IT department staffing solutions

Solutions to staff shortages in IT DEPARTMENT RECRUITMENT

IT staff is a delicate balancing act. If you under-hire, you face an overburdened IT department that can actually stifle growth. However, if you hire too many, you’re wasting money. Your goal, of course, is to make the greatest impact at the lowest cost. Organizations that methodically examine their staffing needs, focus on efficiency, and use partners intelligently can keep IT staff down and business performance high.

TABLE OF CONTENTS

The right IT staffing model for your business

· Calculate IT requirements and supply

· Before hiring, focus on efficiency

· Use consultants and outsourced labor to fill in the gaps

· IT Skills You Need Now: Think business, not technology

IT department outsourcing

· What are the drivers?

· Advantages

· Risks & Costs

The right IT staffing model for your business

A smart IT workforce strategy is critical to achieving business goals. While there’s no one-size-fits-all formula for determining how many IT staff your organization needs or whether you should outsource some of your IT department, by following a few basic principles you can strike a balance between controlling headcount and Find fulfillment of business needs.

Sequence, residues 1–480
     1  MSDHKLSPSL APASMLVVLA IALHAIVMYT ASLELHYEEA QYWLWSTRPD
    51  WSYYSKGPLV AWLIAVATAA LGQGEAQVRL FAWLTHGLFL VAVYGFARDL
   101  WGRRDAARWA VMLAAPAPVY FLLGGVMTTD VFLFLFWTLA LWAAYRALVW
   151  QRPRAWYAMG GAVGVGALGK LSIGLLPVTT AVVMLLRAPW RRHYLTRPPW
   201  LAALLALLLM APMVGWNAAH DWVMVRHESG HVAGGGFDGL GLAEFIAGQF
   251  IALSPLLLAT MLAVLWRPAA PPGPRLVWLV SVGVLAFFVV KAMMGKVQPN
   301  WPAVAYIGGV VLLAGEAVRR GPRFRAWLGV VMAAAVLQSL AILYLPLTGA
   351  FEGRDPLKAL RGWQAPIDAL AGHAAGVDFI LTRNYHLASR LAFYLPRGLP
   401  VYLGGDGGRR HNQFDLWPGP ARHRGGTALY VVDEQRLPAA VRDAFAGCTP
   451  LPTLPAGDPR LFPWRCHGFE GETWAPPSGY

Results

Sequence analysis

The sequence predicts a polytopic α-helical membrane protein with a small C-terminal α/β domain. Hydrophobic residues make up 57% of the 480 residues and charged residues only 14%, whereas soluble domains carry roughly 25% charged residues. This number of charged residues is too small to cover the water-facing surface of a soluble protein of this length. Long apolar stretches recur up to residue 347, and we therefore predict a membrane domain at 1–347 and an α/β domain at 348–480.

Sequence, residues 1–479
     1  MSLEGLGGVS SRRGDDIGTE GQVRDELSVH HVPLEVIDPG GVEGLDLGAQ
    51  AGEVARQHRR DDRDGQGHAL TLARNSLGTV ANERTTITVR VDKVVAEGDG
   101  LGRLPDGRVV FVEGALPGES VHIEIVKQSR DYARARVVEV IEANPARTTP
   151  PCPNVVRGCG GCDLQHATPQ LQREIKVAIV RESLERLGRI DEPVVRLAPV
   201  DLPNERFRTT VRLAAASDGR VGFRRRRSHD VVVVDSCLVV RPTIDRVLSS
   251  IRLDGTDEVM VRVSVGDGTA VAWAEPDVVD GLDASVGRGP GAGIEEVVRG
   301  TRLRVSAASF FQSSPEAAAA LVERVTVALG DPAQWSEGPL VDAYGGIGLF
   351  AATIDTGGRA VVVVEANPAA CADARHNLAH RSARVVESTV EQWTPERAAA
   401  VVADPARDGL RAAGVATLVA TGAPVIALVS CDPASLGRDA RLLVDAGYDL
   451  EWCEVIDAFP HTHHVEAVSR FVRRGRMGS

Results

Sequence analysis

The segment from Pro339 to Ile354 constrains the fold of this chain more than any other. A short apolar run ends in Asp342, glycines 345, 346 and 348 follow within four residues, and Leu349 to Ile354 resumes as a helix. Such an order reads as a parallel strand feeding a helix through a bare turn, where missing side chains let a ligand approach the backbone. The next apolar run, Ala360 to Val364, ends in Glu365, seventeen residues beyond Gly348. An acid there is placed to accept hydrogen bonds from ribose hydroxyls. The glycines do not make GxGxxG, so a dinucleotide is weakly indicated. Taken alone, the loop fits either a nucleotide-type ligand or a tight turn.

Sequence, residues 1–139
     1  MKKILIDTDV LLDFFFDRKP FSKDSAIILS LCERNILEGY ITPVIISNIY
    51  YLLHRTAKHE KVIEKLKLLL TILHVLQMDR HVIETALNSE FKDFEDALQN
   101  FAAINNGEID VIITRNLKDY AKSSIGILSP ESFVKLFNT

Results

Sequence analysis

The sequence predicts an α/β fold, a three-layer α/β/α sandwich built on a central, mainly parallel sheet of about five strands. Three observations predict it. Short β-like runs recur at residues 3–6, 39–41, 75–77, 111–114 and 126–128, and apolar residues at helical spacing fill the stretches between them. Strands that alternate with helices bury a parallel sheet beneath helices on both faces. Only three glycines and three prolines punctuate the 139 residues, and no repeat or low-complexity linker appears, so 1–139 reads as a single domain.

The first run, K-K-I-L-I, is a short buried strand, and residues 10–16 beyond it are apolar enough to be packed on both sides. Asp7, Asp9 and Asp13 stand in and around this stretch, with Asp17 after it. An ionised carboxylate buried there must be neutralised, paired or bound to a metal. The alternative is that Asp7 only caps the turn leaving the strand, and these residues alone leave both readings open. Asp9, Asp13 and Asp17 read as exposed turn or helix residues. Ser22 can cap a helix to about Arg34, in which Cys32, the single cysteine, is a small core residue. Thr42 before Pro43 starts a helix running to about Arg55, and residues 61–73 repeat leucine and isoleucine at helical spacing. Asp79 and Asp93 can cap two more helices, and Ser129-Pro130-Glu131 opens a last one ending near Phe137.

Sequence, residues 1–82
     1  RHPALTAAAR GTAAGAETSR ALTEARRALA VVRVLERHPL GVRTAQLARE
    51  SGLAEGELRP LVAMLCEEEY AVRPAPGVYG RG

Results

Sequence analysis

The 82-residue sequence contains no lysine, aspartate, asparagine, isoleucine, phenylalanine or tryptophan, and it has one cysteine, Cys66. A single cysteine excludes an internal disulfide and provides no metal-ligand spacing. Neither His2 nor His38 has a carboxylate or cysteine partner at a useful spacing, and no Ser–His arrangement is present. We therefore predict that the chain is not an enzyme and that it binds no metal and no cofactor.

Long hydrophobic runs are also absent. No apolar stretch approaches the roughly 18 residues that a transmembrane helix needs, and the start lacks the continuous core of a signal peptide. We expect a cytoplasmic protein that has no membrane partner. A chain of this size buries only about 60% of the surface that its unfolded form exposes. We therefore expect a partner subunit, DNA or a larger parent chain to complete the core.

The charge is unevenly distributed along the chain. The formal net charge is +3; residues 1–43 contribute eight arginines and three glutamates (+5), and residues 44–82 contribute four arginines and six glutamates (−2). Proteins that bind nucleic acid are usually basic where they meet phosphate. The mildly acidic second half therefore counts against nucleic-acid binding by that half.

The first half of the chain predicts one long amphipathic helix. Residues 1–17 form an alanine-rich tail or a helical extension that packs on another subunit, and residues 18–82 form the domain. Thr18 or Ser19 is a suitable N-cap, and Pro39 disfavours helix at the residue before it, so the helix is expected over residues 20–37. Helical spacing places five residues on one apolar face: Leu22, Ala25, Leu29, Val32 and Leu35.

Calculate IT demand and supply

To get a sense of whether your IT department has the right headcount, compare your current IT headcount to prevailing averages. Companies with 100 to 500 employees typically have four or five IT staff, while companies with 500 to 1,000 employees typically have 10 or 11 IT staff. However, be careful when using such wide numbers. Every business is different. For example, fast-growing companies often require larger IT departments, as do companies in technology-oriented fields.

Another approach is to conduct a benchmark study of the IT staffing of similar companies in your industry. Consultants can help with such projects, but less formal (and less expensive) research techniques can also be effective. Talk to colleagues in trade groups and professional organizations about how many IT staff they employ, or ask your technology vendors how many IT staff their customers typically employ. If comparable companies consistently have fewer or more employees than you, you may have a staffing problem. However, even better than benchmarks is an annual analysis of your company’s specific needs. Start by estimating how many hours of work you will need in each of these three categories over the coming year: